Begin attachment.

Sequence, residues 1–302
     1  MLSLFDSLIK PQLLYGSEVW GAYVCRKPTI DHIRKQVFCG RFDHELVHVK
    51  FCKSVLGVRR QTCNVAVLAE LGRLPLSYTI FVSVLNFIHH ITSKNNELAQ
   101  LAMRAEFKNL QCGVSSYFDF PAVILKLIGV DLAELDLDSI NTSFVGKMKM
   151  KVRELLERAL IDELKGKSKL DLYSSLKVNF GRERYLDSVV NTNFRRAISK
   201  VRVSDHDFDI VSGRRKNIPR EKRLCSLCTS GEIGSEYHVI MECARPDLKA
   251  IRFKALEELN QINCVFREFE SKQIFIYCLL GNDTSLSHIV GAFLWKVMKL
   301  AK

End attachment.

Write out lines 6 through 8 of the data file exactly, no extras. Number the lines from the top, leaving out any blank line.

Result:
   201  VRVSDHDFDI VSGRRKNIPR EKRLCSLCTS GEIGSEYHVI MECARPDLKA
   251  IRFKALEELN QINCVFREFE SKQIFIYCLL GNDTSLSHIV GAFLWKVMKL
   301  AK